Capt Andrew Welch
School of Engineering, Computing and Mathematics (Faculty of Science and Engineering)
Andrew Welch was born in Northampton on 9 April 1949 and was educated at Uppingham School, Rutland, where he started his interest in history & heritage. He joined Britannia Royal Naval College, Dartmouth, in 1968 and in subsequent years served in a number of ships, including the Aircraft Carrier HMS EAGLE, the survey ship HMS BEAGLE (the Seychelles Survey), 3 frigates (HM Ships ARIADNE, CHARYBDIS (the Second Cod War) and BACCHANTE), the destroyers, HMS CARDIFF (the Falklands War) & HMS MANCHESTER (Gulf shipping protection during the Iran-Iraq War & the Iranian Airbus Incident). From 1975-7, he was loaned to the newly formed Qatari Emiri Navy, where he commanded their first Fast Patrol Boat, the QENS AL WUSAIL.
During his career he qualified as an Advanced Warfare Officer, taught Falklands Lessons Learnt in HMS DRYAD, the School of Maritime Operations, and, whilst on the staff of Flag Officer First Flotilla in 1985-7, was responsible for briefing all Royal Navy units deploying to the Gulf region and for the detailed planning of the RN’s worldwide deployment – GLOBAL 86.
After promotion to Commander, Andrew Welch served in the Ministry of Defence during the Gulf War and then on the staff of COMEDCENT in Rome, the Italian Fleet Commander in his NATO hat, where he acted as the liaison officer for RN units deployed to the Adriatic in support of the UN embargoes on Former Yugoslavia. On return to the UK in 1994, he took up command of HMS CAMBRIDGE, the Royal Navy’s live firing Gunnery School, near Plymouth and in November 1997, he was appointed as the Director of the Royal Navy’s Kuwait Naval Training Project, based in HMS RALEIGH, at Torpoint, Cornwall. His final job in the Royal Navy was as the Naval & Air Adviser in the High Commission in Pakistan from 2000-2003. This was a very busy period, which coincided with 9/11, the subsequent operations in Afghanistan to remove the Taliban, the near Indo-Pak War of 2002 & then the 2003 Iraq War. He retired from the Royal Navy in October 2003 and in 2004 walked, with his wife Carole, the 1400 miles of the Via Francigena from Canterbury to Rome, They have since walked the SW Coastal Path, the Two Moors Way, the Thames Path & the Anglesey Coast Path. From 2005-2007, he researched and wrote the history of the Anglo-Icelandic Cod Wars between 1958 & 1976. This book – The Royal Navy & the Cod Wars (www.navybooks.com) was awarded the Mountbatten Maritime Literature Prize at the 2007 Desmond Wettern Media Awards. Since 2008, he has been employed as an Associate Lecturer in Marine Studies at the Plymouth University and from 2014, as a Cruise Lecturer with Voyages of Discovery.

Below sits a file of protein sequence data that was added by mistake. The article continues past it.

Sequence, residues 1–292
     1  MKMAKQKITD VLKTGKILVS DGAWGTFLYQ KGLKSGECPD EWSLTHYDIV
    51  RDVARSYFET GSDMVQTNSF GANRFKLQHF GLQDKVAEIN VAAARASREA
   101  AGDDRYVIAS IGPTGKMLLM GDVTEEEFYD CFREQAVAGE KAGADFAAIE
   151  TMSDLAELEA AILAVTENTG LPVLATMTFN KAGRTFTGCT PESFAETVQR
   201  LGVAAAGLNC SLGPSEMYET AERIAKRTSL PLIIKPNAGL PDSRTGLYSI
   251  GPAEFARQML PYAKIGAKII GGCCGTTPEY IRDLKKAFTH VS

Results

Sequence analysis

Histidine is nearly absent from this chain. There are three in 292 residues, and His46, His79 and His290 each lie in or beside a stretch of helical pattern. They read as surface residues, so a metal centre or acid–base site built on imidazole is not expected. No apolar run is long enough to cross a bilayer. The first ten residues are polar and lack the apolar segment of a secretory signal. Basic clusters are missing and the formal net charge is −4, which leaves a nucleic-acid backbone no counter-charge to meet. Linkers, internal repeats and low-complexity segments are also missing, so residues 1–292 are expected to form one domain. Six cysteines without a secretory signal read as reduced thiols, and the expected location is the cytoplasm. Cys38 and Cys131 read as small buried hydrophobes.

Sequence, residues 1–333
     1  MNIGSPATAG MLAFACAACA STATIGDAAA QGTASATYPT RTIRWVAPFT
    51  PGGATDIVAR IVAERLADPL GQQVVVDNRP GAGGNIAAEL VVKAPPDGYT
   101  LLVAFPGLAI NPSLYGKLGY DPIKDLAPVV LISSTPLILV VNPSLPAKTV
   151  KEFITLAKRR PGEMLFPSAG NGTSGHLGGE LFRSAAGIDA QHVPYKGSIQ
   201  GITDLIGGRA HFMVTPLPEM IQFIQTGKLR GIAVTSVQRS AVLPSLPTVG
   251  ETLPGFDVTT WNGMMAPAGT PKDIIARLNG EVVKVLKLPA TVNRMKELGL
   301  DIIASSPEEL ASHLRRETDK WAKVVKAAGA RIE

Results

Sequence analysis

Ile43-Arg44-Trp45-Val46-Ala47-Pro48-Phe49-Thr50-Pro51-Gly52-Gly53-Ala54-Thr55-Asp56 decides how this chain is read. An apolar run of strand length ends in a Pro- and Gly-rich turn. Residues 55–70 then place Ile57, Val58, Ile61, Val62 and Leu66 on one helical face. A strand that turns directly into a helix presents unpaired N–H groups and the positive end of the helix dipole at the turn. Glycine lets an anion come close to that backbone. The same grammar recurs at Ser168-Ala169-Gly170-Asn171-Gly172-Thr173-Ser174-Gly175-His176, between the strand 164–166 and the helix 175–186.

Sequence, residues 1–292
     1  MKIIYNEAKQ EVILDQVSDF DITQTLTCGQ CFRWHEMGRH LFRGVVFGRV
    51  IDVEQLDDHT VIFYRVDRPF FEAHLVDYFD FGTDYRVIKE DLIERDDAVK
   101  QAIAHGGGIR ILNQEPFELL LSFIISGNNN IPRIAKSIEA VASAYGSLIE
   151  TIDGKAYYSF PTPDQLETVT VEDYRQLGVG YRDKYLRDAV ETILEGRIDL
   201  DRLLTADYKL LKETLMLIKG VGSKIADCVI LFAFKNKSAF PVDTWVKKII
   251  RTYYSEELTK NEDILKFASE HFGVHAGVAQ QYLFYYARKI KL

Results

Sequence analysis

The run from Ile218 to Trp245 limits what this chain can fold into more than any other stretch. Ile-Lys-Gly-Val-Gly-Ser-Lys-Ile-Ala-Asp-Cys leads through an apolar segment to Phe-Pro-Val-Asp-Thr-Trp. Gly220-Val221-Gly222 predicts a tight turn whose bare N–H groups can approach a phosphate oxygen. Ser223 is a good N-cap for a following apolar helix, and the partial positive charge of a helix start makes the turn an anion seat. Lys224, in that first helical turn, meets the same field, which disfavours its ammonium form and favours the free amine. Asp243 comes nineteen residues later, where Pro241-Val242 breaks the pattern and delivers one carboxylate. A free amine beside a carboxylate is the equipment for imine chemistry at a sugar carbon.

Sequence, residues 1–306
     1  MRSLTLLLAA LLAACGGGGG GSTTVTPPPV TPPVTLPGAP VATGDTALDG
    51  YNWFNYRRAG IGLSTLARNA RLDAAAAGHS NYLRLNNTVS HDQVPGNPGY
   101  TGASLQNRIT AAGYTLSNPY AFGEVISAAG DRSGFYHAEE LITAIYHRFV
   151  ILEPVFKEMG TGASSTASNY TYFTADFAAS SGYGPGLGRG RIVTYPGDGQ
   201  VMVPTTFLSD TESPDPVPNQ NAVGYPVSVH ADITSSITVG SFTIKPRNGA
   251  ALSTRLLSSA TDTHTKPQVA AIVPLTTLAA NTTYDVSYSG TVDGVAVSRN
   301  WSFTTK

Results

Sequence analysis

He was elected to Fellowship of the Nautical Institute (FNI) in December 1993 in recognition of his efforts at furthering mutual Merchant Marine/Navy understanding and has been Chairman of the SW of England Branch. He was a member of the Pakistan NI Branch Committee during his 3 years in Pakistan. In 2012, he organised the Memorial Service for the Titanic’s crew in Plymouth, where the survivors were landed on their return to the UK.
In summary, as well as his wide experience of Royal Navy operations and more general knowledge of merchant shipping, he has lived and worked in the Seychelles, Qatar, Hong Kong, Italy & Pakistan. He travelled widely during these postings.
Fellow of the Nautical Institute
The Royal Navy in the Cod Wars.
published by Maritime Books of Liskeard
Winner of the Mountbatten Prize for Maritime Literature 2007